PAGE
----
Friday, January 30, 2015

Google Warns the Internet Will Disappear

Google Warns the Internet Will Disappear, the Future of Cyanogen 

By Dave Parrack
Google predicts that the Internet will disappear, the future of Cyanogen, Malaysia Airlines gets hacked, Expedia buys Travelocity, and the 1995 Facebook TV commercial that never was.

Schmidt: “The Internet Will Disappear”

The Chairman of Google, Eric Schmidt, thinks “the Internet will disappear,” but don’t panic, as his words shouldn’t be taken too literally. Schmidt was speaking at the World Economic Forum is Davos, Switzerland when he made the prediction which has spawned countless misleading headlines, including our own.
Rather than suggesting the Internet will one day go the way of the dinosaurs, Schmidt was predicting that the Internet will “become so ubiquitous that you won’t even notice it.” How? By way of the Internet of Things, and how more devices are becoming “smart” every day.
Schmidt further explained, “It will be part of your presence all the time. Imagine you walk into a room, and the room is dynamic. And with your permission and all of that, you are interacting with the things going on in the room. A highly personalized, highly interactive and very, very interesting world emerges.
Indeed it does, and at that point the Internet is likely to become less of a service we connect to and more of an omnipresence punctuating every part of our lives. And Google plans to be right at the center of this new reality.
So, if you’re worried about privacy, security, and anonymity now just wait until Schmidt’s future comes to pass.

Cyanogen Moving Away from Android

Fans of Cyanogen OS will be interested to hear the direction in which the CEO of Cyanogen Inc. sees the mobile operating system heading in the future. According to The Information (via Android Authority), Kirt McMaster wants to “take Android away from Google.
McMaster explained, “We’ve barely scratched the surface in regards to what mobile can be. Today, Cyanogen has some dependence on Google. Tomorrow, it will not. We will not be based on some derivative of Google in three to five years. There will be services that are doing the same old bullshit with Android, and then there will be something different. That is where we’re going here.
He continued, “We’re making a version of Android that is more open so we can integrate with more partners so their services can be tier one services, so startups working on [artificial intelligence] or other problems don’t get stuck having you have to launch a stupid little application that inevitably gets acquired by Google or Apple. These companies can thrive on non-Google Android.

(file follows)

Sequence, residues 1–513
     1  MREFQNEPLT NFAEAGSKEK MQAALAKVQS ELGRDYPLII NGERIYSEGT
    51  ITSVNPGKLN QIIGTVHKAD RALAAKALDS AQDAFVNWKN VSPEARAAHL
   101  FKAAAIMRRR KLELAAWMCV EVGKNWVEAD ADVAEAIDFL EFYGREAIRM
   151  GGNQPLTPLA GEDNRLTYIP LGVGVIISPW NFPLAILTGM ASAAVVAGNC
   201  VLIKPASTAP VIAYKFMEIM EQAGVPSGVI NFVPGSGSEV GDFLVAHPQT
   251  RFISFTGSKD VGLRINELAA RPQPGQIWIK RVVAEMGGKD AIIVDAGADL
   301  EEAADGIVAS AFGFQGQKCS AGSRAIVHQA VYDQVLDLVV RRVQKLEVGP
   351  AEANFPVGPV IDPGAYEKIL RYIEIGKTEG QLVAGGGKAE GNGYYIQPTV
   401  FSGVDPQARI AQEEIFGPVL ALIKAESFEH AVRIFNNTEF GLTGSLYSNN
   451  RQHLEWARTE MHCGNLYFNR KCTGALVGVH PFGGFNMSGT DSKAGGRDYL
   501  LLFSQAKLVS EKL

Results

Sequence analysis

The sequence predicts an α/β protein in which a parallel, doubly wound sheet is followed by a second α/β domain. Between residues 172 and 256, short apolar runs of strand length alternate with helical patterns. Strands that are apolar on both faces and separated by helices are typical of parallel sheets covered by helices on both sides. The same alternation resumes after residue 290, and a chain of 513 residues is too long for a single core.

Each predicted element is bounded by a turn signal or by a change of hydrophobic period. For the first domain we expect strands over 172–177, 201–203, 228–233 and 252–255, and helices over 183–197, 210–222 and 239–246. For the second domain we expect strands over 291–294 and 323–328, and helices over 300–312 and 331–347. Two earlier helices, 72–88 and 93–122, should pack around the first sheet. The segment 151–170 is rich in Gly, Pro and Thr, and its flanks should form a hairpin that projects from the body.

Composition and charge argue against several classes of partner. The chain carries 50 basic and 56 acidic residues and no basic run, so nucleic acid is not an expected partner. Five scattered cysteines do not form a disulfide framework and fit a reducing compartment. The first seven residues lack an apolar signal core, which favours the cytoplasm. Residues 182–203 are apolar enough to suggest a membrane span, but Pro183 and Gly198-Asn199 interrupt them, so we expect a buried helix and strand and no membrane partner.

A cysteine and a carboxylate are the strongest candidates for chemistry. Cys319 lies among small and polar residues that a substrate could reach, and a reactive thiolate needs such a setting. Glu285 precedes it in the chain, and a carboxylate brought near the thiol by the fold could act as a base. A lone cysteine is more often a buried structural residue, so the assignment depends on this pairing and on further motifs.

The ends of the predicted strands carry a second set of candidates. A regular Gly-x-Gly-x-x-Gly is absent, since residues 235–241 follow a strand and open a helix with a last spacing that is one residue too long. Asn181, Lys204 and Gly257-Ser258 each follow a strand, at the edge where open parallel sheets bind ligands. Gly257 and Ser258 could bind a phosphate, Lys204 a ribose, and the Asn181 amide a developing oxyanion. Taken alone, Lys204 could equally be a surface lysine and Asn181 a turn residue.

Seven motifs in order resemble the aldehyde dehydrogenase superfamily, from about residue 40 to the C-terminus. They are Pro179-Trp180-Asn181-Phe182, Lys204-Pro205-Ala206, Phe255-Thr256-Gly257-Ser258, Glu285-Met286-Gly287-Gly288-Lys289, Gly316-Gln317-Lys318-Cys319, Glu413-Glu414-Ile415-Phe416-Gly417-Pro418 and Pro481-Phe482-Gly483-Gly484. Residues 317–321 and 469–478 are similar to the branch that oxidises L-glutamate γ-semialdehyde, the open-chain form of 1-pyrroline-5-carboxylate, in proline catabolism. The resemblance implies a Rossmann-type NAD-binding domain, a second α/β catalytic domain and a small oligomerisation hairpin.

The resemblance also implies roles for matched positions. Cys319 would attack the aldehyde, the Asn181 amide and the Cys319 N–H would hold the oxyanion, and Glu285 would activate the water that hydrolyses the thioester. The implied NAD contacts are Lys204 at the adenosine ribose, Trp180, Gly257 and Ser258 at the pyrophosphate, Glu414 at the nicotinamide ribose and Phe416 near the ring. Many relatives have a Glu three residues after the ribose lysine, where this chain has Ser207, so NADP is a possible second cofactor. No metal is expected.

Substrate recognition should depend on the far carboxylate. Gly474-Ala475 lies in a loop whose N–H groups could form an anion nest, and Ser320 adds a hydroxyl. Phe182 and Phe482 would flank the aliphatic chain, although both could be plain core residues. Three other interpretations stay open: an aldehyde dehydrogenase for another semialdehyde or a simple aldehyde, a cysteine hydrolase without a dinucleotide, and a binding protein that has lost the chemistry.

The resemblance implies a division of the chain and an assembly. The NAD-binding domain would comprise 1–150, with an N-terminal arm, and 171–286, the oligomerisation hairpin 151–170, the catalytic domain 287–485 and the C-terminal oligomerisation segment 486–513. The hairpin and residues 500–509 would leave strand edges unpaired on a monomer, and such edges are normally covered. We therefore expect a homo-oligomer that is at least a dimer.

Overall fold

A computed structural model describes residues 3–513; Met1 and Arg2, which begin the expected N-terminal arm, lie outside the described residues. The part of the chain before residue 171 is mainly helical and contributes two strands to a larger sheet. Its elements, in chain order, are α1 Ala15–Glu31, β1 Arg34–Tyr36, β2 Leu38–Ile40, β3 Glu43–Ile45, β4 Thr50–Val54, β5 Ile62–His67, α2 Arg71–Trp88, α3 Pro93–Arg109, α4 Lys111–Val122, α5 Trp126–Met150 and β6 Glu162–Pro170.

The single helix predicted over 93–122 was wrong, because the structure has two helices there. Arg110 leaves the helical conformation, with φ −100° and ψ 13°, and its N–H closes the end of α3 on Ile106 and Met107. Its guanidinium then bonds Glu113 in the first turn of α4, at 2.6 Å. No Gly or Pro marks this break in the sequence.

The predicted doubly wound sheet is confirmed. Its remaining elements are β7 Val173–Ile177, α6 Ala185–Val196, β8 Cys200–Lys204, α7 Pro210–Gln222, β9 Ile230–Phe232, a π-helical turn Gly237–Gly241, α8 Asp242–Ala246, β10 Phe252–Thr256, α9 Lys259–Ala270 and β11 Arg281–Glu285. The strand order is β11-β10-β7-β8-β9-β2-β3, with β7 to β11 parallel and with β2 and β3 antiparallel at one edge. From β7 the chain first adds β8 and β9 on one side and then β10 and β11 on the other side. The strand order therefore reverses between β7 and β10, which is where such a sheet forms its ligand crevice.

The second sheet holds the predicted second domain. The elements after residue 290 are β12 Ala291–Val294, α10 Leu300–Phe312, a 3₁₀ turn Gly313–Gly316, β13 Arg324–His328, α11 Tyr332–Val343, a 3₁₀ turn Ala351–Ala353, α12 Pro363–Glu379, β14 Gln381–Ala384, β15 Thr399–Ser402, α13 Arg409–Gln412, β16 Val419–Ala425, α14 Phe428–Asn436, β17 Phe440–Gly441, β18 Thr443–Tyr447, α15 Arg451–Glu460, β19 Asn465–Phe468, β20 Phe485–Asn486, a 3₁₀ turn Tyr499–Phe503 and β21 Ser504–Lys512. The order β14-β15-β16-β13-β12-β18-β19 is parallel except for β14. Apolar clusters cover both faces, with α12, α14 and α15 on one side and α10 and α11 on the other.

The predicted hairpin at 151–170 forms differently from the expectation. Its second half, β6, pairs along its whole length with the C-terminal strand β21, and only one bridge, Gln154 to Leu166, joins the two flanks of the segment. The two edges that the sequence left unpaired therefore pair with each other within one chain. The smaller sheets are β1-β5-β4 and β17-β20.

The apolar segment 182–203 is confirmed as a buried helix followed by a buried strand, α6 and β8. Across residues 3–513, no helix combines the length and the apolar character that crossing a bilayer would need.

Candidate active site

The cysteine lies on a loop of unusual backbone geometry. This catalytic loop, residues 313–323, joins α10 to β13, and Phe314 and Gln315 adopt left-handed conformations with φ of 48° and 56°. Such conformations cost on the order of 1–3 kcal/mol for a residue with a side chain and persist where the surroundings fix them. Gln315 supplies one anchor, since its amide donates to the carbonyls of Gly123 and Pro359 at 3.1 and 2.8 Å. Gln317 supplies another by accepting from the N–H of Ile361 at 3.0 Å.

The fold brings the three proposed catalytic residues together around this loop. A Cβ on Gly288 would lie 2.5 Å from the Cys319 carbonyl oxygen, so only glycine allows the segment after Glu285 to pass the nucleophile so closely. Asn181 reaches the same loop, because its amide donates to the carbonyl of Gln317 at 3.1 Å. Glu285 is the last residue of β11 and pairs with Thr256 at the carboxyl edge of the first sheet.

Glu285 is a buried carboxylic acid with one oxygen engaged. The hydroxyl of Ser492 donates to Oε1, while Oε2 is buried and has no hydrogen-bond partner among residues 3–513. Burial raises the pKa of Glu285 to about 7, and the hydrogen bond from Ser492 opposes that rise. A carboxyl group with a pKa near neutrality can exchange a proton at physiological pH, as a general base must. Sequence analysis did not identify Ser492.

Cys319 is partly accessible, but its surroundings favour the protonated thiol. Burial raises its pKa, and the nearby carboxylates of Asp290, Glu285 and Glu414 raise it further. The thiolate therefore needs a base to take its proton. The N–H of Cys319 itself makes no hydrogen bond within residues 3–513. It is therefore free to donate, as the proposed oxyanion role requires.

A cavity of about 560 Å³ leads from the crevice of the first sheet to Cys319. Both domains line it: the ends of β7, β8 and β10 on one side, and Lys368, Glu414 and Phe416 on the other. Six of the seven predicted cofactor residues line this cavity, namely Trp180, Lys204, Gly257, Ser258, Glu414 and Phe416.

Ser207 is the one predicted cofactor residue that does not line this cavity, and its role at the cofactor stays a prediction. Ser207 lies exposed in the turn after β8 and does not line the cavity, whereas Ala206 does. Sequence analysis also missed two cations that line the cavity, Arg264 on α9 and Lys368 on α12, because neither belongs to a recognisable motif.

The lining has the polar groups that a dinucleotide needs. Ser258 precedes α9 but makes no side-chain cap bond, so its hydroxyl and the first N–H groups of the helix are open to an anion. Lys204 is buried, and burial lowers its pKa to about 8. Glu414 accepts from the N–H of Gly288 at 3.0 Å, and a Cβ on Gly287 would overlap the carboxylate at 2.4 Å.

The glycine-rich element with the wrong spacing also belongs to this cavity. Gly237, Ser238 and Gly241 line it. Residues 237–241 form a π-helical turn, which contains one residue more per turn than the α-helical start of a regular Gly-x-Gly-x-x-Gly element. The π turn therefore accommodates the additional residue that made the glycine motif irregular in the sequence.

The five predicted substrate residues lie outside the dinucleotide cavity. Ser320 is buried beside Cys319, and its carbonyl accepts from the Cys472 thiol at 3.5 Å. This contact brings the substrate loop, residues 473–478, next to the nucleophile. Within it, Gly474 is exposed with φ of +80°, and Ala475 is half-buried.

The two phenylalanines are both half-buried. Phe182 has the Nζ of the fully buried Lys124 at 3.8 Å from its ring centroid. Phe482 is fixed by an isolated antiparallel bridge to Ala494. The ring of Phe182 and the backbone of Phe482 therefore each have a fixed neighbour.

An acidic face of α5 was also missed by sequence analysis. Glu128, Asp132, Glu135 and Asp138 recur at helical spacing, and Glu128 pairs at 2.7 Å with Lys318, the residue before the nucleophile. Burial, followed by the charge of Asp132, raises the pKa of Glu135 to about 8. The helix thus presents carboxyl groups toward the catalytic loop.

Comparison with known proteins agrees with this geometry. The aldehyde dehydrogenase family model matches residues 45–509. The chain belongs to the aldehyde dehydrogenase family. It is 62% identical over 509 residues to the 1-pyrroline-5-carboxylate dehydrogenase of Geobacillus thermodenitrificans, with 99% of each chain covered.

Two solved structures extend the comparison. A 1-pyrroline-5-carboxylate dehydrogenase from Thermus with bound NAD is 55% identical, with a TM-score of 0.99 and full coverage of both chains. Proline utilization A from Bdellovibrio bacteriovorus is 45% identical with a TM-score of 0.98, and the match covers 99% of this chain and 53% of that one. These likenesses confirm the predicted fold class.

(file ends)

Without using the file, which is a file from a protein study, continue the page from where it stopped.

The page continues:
McMaster is an outspoken individual, once accusing Google of having a tyrannical hold on Android. These recent comments regarding the future of Cyanogen OS should, therefore, come as no great surprise.

Lizard Squad Hacks Malaysia Airlines

Lizard Squad, the hacking group which took down the PlayStation Network and Xbox Live over the holidays, has claimed credit for hacking the website of Malaysia Airlines. The website displayed an image of a lizard wearing a top hat and monocle, with text describing Lizard Squad as the “Official Cyber Caliphate.
Malaysia Airlines issued a statement maintaining that its “servers are intact,” and assured customers that “its website was not hacked and this temporary glitch does not affect their bookings and that user data remains secured.
The company lost two aircraft in 2014, one which disappeared over the South China Sea, and one which was shot down while flying over Ukraine. Which seems to be the only reason it was targeted ahead and instead of any other airline.

Expedia Acquires Travelocity for $280m

Expedia has acquired Travelocity for $280 million in a straight cash deal. For that underwhelming sum of money, Expedia will get Travelocity’s North American websites., which is Travelocity Europe, will be sold to Bravofly for $120 million.

If Facebook Had Made Ads in 1995

And finally, we now know what a Facebook commercial would have looked like had the social networking service been a thing in 1995. This is according to Brent Weinbach, who designed the faux television spot to mimic early spots for AOL, Yahoo, and others.
It’s keenly observed, and should remind us all how far the Internet and its services have come in the past 20 years. [H/T The Verge]

Your Views On Today’s Tech News

Do you think Eric Schmidt’s prediction about the Internet disappearing is correct? Are you interested in Cyanogen and how it will evolve in the future? Would you have used Facebook if it had existed in 1995?
Let us know your thoughts on the Tech News of the day by posting to the comments section below. Because a healthy discussion is always welcome.
Image Credit: Yuhei Kuratomi via Flickr   Source:

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